Examination of Witness (Question Numbers
21 OCTOBER 2010
Q83 Mrs Laing: Good morning,
Mr Letwin, and thank you very much for coming to see us this morning.
May I begin by giving the apologies of Graham Allen, who is the
of this Committee. Graham is unwell; nothing serious.
I am aware of that.
Mrs Laing: We suspect
he is watching us by some kind of electronic link and we're trying
to behave. He sends his most serious apologies and has sent some
questions as well.
As I am sure you are well aware, we are conducting
an inquiry into the formation of the Coalition Government, as
part of our general inquiry into the constitution and the prospects
of a written constitution or not, as the case may be. It is very
good of you to come before us this morning, having been a key
player in the formation of the Coalition Government.
We had here last week Mr David Laws and Lord
Adonis, as I'm sure you are aware, and so we have an emerging
picture of what happened in each stage of the formation of the
coalition. Before we go into general questions, I would ask you
is there anything in particular you would like to say by way of
Mr Letwin: Thank
you. No, I don't think so, in the sense that I think the Committee
will be well aware of the public information, and that sets the
Mrs Laing: Indeed, that
Mr Letwin: So I'm
open to whatever you want to ask me
Q84 Mrs Laing:
A simple question to start with. Was five days long enough to
produce a coalition?
Mr Letwin: I think
there is a balancing act here and I should preface what I am about
to say by saying that I don't think that what was true then will
necessarily be true at all future possible occasions. I think
it is dangerous to assume that either history stands still or
that there are easy generalisations. But dealing with the specific
period we're talking about, located as it was at a particular
point in our national history, I think, because of the state of
the public finances in which we found ourselves as a result of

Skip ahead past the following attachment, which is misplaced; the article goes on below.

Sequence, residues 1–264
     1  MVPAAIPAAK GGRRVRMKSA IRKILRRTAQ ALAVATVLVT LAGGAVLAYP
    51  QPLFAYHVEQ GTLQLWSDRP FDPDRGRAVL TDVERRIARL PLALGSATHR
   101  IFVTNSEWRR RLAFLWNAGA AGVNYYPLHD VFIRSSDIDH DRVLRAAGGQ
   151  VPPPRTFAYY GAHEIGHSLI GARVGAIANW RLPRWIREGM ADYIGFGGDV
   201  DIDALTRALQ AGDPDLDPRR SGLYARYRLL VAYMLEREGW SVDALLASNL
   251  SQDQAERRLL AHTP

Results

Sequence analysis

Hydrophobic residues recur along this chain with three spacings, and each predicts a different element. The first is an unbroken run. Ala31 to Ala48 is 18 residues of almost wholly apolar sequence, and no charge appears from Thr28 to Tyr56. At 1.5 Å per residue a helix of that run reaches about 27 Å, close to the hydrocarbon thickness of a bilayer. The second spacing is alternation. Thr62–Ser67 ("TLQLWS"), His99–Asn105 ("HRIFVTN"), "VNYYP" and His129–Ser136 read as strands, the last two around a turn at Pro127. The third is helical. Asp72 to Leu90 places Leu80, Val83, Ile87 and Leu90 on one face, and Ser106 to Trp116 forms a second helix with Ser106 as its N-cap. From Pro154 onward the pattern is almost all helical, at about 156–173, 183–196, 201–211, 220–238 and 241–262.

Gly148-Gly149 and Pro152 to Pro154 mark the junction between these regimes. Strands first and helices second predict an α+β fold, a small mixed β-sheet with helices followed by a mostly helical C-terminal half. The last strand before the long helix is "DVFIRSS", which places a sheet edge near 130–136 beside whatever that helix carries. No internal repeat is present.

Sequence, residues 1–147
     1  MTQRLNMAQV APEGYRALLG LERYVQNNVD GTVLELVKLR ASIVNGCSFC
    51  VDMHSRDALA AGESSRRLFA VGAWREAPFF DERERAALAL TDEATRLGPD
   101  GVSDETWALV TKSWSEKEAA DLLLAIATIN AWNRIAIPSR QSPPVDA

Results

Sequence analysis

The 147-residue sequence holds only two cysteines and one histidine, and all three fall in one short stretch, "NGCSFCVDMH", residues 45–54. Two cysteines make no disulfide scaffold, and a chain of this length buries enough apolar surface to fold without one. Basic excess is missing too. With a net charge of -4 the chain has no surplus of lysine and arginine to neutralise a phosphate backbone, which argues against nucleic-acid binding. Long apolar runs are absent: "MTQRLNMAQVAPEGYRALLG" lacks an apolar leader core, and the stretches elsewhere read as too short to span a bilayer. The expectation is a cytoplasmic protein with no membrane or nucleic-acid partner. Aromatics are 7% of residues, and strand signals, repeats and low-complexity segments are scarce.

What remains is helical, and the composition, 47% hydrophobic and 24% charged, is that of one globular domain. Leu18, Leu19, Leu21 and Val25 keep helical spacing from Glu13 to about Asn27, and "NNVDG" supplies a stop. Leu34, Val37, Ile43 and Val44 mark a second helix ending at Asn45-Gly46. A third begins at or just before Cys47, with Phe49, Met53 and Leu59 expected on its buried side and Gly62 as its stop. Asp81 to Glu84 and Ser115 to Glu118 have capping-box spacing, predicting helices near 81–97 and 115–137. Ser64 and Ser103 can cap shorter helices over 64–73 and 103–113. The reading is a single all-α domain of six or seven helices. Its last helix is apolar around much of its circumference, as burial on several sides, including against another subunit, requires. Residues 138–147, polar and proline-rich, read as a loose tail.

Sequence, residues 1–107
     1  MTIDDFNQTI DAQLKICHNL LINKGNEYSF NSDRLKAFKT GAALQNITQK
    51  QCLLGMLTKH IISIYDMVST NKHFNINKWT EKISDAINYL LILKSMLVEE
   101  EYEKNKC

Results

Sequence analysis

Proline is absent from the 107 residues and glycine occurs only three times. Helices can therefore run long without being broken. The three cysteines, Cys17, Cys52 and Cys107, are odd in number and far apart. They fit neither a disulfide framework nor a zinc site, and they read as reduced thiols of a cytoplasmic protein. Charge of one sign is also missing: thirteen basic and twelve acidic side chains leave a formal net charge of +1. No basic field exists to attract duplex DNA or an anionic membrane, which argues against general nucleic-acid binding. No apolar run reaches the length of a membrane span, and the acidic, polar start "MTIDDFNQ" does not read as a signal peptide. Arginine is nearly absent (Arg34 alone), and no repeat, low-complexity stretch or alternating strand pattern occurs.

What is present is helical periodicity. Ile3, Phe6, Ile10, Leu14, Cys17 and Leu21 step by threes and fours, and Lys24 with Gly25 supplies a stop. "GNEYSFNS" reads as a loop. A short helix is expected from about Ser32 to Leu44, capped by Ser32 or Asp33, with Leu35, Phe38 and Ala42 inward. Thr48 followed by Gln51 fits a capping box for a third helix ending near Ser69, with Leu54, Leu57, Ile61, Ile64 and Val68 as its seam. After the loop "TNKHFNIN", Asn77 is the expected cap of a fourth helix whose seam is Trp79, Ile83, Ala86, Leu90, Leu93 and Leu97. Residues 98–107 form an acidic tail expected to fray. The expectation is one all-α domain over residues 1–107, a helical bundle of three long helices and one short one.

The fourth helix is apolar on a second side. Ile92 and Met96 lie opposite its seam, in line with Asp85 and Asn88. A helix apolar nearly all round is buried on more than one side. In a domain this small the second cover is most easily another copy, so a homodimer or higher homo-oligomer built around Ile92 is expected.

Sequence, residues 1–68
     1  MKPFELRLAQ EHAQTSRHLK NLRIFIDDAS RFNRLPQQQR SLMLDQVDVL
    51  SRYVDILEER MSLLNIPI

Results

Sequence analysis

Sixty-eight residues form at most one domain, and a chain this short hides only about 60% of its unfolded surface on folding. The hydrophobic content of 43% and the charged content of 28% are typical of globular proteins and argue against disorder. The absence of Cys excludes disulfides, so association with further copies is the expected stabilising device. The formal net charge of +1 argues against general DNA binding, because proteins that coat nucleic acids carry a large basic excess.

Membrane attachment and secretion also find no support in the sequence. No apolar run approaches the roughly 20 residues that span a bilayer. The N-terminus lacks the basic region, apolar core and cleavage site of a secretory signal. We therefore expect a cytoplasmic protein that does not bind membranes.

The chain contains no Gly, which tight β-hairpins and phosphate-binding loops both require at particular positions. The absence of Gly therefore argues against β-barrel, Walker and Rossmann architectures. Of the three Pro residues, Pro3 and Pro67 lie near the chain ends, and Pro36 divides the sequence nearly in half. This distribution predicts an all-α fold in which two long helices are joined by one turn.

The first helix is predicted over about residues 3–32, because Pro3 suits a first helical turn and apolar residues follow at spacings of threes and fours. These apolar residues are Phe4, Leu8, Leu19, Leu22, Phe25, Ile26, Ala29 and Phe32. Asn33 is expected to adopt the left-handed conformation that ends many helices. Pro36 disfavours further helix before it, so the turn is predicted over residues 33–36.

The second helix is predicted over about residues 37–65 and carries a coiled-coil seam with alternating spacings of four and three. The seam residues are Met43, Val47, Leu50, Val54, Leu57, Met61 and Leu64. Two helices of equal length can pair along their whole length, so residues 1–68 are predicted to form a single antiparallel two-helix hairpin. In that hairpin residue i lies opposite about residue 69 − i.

the activities of the previous Government, there was a genuine
riskvery difficult to quantify, but a genuine riskthat
very serious financial consequences for the country in terms of
the financing of the national debt and the value of our currency,
which could have lasting, long-term impacts on our economy as
a whole, would arise if there was a prolonged period of instability
and uncertainty about government.
You could well have later times at which people were
forming or not forming coalition governments when there was no
such background, but at that particular juncture I think there
was a real danger that a prolonged period of instability would
have precipitated some form of crisis in the financial markets,
which in turn would have made it very much more difficult to form
a Government. So one could have created, by mistake, a vicious
circle, and for that reason I think there was an extremely strong
national interest in rapid formation of a Government.
The next question one has to ask, I suppose,
is how much better could we have done if we had had 10, 15, 20,
25 days; to which I don't know the answer. But my instinct is
that, as sometimes happens in human affairs, if you're in a pressured
situation and there are time limits, you do what you would have
done anyway in a longer time in a shorter time. I doubt much would
have altered if we'd had 10, 15 or 20 days. That is a long shaggy-dog
story, but my brief answer to your question is we didn't have
the time so the issue didn't arise. But I don't think it would
have helped much to have had the extra time, although I can't
Q85 Mrs Laing:
Would I be right in saying that 20 days would have been a long
time to leave the country without a Government?
Mr Letwin: In different
circumstances I don't think it would matter too much. There are
many countries in which coalition is a more usual phenomenon and
which are not, at a given time, going through a financial crisis
where I understand it is quite normal for that sort of period
of two or three or four weeks to elapse while a Government is
formed. As I say, I'm not making a general observation about how
things need to be at other times. I'm just saying we didn't have
that luxury and I don't think it matters too much.
Mrs Laing: Simon, on timing?
Q86 Simon Hart:
It was just a very quick question. During that period, the media
tended to interpret the situation as something of a crisis and
I think stoked up that national feeling. On reflection, do you
think it would be helpful that, if these circumstances ever occurred